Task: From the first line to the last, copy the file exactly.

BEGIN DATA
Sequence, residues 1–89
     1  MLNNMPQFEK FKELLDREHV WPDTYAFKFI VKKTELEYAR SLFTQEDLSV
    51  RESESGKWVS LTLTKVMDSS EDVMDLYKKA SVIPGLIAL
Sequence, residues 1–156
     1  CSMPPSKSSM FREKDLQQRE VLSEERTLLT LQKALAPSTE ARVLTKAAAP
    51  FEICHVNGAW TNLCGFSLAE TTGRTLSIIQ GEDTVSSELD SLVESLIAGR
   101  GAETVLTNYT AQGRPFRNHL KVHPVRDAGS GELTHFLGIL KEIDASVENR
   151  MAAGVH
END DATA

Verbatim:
Sequence, residues 1–89
     1  MLNNMPQFEK FKELLDREHV WPDTYAFKFI VKKTELEYAR SLFTQEDLSV
    51  RESESGKWVS LTLTKVMDSS EDVMDLYKKA SVIPGLIAL
Sequence, residues 1–156
     1  CSMPPSKSSM FREKDLQQRE VLSEERTLLT LQKALAPSTE ARVLTKAAAP
    51  FEICHVNGAW TNLCGFSLAE TTGRTLSIIQ GEDTVSSELD SLVESLIAGR
   101  GAETVLTNYT AQGRPFRNHL KVHPVRDAGS GELTHFLGIL KEIDASVENR
   151  MAAGVH